INDIANAPOLIS – A panel charged with crafting a new version of ISTEP+ could choose to give three or four smaller tests throughout the year instead of one major pass/fail exam.
Those interim assessments would then be put together to provide a cumulative score for each student as part of state and federal accountability requirements.
This was just one idea that sprouted Tuesday during the first meeting of the panel tasked with finding an alternative to the decades old – and much-maligned – ISTEP+ test. They will meet at least six times and must have a report by Dec. 1.
But their recommendations are advisory, and legislators can do what they want next session when crafting a new test.
The goal would be for any new assessment to be given for the first time in the spring of 2018 (or during that school year) but many believe the tight timeline could force lawmakers to delay it one year to give some breathing room.
"This can’t be the same test with a different name," Fort Wayne Community Schools Superintendent Wendy Robinson said. "The public doesn’t want broad strokes. They want specific answers."
She is one of about two dozen people on the committee that met Tuesday and listened to three presentations on the intricacies of student assessment.
One of the things Robinson found most interesting was one presenter noting that one test can’t effectively be used for a host of different goals – at least without making it longer and more expensive.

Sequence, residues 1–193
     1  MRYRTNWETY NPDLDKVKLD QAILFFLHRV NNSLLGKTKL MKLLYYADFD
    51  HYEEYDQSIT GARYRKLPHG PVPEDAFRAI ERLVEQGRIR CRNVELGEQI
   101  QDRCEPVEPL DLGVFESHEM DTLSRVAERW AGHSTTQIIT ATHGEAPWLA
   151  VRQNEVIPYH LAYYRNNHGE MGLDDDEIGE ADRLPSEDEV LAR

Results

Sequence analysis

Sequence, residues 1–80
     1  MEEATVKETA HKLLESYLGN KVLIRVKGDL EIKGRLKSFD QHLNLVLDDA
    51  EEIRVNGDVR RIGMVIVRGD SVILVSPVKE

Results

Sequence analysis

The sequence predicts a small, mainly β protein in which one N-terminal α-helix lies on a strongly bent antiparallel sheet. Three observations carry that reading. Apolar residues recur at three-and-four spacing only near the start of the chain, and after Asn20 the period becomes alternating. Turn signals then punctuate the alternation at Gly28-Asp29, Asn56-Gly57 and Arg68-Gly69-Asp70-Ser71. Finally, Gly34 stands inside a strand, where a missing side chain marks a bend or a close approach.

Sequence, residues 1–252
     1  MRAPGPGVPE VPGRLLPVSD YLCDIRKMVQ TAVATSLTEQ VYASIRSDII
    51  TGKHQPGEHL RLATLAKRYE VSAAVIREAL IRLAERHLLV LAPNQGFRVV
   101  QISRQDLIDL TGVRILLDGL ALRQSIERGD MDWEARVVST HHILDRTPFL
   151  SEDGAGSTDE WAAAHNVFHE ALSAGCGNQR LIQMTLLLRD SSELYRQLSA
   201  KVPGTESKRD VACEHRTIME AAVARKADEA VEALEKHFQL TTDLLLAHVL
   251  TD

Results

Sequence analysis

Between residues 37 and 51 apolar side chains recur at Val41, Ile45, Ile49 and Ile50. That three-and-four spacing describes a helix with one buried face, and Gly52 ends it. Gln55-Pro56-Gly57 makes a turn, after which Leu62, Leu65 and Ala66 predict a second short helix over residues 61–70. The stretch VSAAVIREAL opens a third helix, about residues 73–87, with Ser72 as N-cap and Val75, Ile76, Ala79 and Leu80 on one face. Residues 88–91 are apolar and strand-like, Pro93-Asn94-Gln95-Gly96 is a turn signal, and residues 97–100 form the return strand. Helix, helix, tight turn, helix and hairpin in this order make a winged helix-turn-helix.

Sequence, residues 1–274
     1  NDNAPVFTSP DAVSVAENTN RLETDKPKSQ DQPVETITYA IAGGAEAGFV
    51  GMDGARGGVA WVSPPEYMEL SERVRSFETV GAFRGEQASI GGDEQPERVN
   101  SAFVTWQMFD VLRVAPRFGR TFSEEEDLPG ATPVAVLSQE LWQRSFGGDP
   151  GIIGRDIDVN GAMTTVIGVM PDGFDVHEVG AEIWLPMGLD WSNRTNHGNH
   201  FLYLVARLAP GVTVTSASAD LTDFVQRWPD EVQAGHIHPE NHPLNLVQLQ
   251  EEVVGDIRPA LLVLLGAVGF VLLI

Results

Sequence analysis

Those are two things legislators are targeting – the high cost of ISTEP+ and the six- to eight-hour time window it takes students to take the test.
Marianne Perie, of the Center for Educational Testing & Evaluation at the University of Kansas, said the group needs to agree and prioritize the goal of the test. For instance, is the goal to gauge student performance; sort schools; identify achievement gaps; evaluate teachers?
She said you can’t adequately do all of them and, "an assessment purporting to serve multiple purposes serves no purpose well."
Part of the reason for the committee is because ISTEP+ has had problems in recent years – from technical glitches to increased test length and questions about its reliability and validity. Also, Congress recently passed the Every Student Succeeds Act, which gives states new flexibility to meet the requirement for a summative test in grades 3 through 8 and once in high school.
Some advocates have sought a simple, cheap solution – buy an off-the-shelf test created by an outside entity. But it’s more complicated because Indiana wrote its own academic standards rather than remaining with Common Core.
Perie said that means if an outside test or portions of tests are purchased by Indiana they will need to have an external evaluator make sure the test is aligned specifically to Indiana standards.
Lee Posey, federal affairs counsel from National Conference of State Legislatures, said the state’s education waiver ends in July and full implementation of any new plan would be for the 2017-18 school year.
She said the state should be ready to submit a proposal to the U.S. Department of Education early in 2017.
"It’s a tight deadline," she said.